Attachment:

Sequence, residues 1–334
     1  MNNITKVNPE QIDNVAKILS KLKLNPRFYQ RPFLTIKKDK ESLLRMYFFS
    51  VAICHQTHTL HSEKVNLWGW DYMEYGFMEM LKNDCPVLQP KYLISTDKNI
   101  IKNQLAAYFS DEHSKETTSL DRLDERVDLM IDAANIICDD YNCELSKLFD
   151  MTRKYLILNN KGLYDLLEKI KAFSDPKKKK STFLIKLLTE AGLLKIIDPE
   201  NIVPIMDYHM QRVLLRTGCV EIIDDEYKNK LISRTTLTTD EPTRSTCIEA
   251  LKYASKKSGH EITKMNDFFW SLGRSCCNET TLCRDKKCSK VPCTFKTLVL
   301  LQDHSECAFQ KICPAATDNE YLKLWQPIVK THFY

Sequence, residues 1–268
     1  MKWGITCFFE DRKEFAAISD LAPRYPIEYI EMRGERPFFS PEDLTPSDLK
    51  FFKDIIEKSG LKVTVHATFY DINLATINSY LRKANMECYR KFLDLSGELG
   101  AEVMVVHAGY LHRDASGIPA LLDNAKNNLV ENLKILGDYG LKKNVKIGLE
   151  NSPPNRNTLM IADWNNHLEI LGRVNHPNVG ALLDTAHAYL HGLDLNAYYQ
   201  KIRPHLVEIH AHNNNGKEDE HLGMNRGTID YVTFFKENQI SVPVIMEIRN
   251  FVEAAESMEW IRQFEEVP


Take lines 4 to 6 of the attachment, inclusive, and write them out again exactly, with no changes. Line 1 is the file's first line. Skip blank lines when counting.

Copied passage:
   101  IKNQLAAYFS DEHSKETTSL DRLDERVDLM IDAANIICDD YNCELSKLFD
   151  MTRKYLILNN KGLYDLLEKI KAFSDPKKKK STFLIKLLTE AGLLKIIDPE
   201  NIVPIMDYHM QRVLLRTGCV EIIDDEYKNK LISRTTLTTD EPTRSTCIEA